License Sanctions Against Health Professionals Can Be Used As Evidence in Unrelated Malpractice Cases
Any disciplinary sanction against a health professional’s license can have serious collateral consequences, such as termination from provider networks, loss of malpractice insurance or substantially increased rates, medical staff investigations and proceedings, adverse employment actions, and reports to the National Practitioner Data Bank. A recent Michigan Court of Appeals decision highlights an added risk that many health professionals and their attorneys may not have known. A relatively minor licensing sanction was used, with devastating effect, as evidence in an unrelated malpractice action.
A dentist was sued for malpractice following a root canal procedure in Holder v Schwarcz. The jury awarded $67,500 in damages and the trial court granted $151,555 in case evaluation sanctions. The dentist had been involved in an unrelated licensing investigation relating to root canals for another patient. The licensing action was resolved through a consent order. In a consent order, a health professional does not admit any allegations in the licensing complaint, but agrees that the board’s disciplinary subcommittee may treat them as true and enter a sanction for violating the Public Health Code. The sanction imposed against the dentist in the licensing action included probation for one year, a requirement for ten hours of continuing education, and a $5,000 fine. The sanction was fairly typical for a licensing case alleging negligent care.
In the malpractice action, the trial court admitted the consent order into evidence over the dentist's objection. The Court of Appeals held that the consent order was properly admitted to (1) rebut the defendant’s testimony that he did not remember the visit but would have reviewed the x-ray showing the broken tooth with the patient, and (2) show the dentist was motivated to not tell the patient about the broken tooth to avoid the risk of further disciplinary action. It is fair to presume that the jury was influenced by evidence that the Board of Dentistry found the dentist negligently performed several root canals.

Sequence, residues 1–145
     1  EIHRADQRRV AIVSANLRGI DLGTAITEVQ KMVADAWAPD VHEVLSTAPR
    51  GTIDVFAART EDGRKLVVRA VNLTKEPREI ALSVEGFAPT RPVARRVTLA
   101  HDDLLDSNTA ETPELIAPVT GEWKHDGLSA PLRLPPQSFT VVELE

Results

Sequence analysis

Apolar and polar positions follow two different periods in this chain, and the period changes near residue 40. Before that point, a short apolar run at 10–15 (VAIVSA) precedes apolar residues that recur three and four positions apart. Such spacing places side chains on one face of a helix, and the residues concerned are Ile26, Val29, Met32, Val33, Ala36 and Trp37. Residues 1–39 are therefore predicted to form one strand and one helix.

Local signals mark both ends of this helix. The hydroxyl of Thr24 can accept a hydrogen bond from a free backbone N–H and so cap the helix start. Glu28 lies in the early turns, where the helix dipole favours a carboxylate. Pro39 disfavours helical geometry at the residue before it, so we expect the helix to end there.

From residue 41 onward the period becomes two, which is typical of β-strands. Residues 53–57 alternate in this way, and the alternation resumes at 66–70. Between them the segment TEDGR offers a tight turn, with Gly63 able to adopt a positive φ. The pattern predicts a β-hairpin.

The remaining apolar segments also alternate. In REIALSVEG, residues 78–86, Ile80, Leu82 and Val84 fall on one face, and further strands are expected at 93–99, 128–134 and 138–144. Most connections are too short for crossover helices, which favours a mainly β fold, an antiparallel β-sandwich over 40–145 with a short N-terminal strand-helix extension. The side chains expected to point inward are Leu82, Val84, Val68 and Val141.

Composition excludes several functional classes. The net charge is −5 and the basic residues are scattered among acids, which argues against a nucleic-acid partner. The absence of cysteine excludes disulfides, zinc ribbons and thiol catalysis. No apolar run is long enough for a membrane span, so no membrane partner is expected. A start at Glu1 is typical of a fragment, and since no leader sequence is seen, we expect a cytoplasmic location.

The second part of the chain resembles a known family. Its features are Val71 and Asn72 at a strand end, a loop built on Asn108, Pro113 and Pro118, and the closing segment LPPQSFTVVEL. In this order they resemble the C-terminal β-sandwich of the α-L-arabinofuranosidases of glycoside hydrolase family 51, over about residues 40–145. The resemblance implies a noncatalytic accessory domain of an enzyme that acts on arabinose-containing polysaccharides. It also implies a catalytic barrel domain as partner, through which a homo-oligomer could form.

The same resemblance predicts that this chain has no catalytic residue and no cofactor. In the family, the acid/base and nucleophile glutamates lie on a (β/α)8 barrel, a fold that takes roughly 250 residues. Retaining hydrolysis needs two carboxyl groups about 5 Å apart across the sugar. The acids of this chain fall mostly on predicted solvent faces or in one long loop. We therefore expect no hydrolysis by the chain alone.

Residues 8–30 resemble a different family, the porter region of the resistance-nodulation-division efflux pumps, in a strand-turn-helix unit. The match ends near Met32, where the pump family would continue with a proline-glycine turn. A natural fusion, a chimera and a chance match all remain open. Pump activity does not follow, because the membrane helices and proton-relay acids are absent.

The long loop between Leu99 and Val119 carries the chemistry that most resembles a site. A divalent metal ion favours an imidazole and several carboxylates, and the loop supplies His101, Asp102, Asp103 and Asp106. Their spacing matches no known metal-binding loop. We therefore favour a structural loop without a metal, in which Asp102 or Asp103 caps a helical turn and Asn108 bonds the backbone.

Any health professional faced with a licensing investigation has to know about and give serious consideration to the possible consequences beyond the actual sanction imposed by the licensing board. While probation, continuing education, and a fine may not have seemed too significant at the time, the sanction ended up causing an unexpected and very expensive side effect. So what does this mean for other licensed health professionals? Take every licensing complaint or investigation seriously, and consult with a knowledgeable and experienced attorney to help you through the process.
If you have any questions about health professional licensing issues in Michigan, please contact Richard Kraus at 517-371-8104 or email@example.com.
Richard Kraus has 30 years of experience in the area of health care law, with special emphasis on licensing investigations and disciplinary actions. His representation of individual health care professionals as well as hospitals, health systems, long term care facilities and multi-practitioner clinics, provides an understanding of clinical and business realities in health care as well as legal and regulatory requirements.View All Posts by Author ›
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